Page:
Glasgow's Commonwealth Games, which came to a close at Hampden Park tonight, will go down in history with a significant sub-heading: the Bit-Shit Games that saved Britain's sporting summer of 2014.
Where the country's sporting heavyweights – from England's hapless footballers to Andy Murray's limp defence of his historic Wimbledon title – failed, the comparative lightweights proved a knock out. "I felt," said Usain Bolt after collecting his first Commonwealth Games gold medal, "like I was in the London Olympics."
Glasgow has always shied from comparisons with 2012, an iconic sporting summer for Britain, but this was a damn good mini-London, and that is meant as nothing but a compliment. It was a further reminder that Britons may not play sport in sufficient numbers, but they will watch it day-in, day-out. This one came delivered with a dollop of Glaswegian gallus and a great big smile; as the old city marketing slogan had it, Glasgow's miles better.
London did not need the attention that came with the Olympics but for a city like Glasgow, this was a fillip that stretched beyond simply sport. There will have been envious glances from the old maid of Edinburgh over the last two weeks, in what was a prolonged advertisement for Glasgow's not always obvious charms.
"Someone said to me the other day, 'I have lived here all my life, and I can firmly say Glasgow will never be the same – and in a good way. It feels like the city is going places'," said David Grevemberg, the American chief executive of Glasgow 2014. "I thought that was just a brilliant summing up. It will never be the same. This moment has been truly defining. It shows you the power of sport in so many ways."
Video: Glasgow Games come to an end
There were times when Bolt's description (which he still denies, insisting he never uses that word) could be applied. The weather had its moments. Both Bolt's runs came on nights when the skies opened and today was remarkable even by local standards but then this is a Scottish summer and there was just about enough sunshine, particularly in the mood-setting opening days. The quality of some of the sport was poor, notably parts of the athletics and diving. The Olympics, though, also has its fair share of amateurism, see Eric the Eel, Eddie the Eagle and so on. There was plenty of quality to catch the eye, some of it eye-opening – the best of the netball – and some simply a treat, from Max Whitlock's all-round performance in the gymnastics or Ross Murdoch's opening night swim to gold or Lizzie Armitstead's dash to an overdue gold today.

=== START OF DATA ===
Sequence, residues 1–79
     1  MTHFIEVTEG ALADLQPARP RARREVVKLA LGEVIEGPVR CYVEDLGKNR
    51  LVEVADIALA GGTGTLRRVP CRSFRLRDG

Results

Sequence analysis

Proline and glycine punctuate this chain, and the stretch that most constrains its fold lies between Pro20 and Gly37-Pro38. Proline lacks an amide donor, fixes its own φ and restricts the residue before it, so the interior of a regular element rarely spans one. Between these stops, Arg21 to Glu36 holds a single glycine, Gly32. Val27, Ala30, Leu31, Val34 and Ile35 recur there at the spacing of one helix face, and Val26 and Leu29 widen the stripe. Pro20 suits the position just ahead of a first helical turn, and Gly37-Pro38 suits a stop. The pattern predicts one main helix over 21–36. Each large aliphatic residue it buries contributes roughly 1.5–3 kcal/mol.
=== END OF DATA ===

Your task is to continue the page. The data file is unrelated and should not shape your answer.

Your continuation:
"For me, it was always relevant," said Bolt of the Commonwealth Games. There will be plenty who doubt him but then 8.4m watched him run on BBC1 on Saturday night. The Commonwealth Games matter to some and not to others, but the numbers who turned up to watch – most venues were full – make them relevant. They are a Games that know their place and Glasgow has shown they are a Games that deserve their place on the sporting calendar.
Like any good Games, Glasgow has thrown up new heroes and new hopes, many of whom will disappear for another two years beneath the obsession for all things football – the huge crowds here in succession to the even bigger crowds in London suggest a need for broader minds. The BBC's blanket coverage, and a coverage that at times veered too far into out-and-out cheerleading, was generous but they at least gave these sports real room to breathe.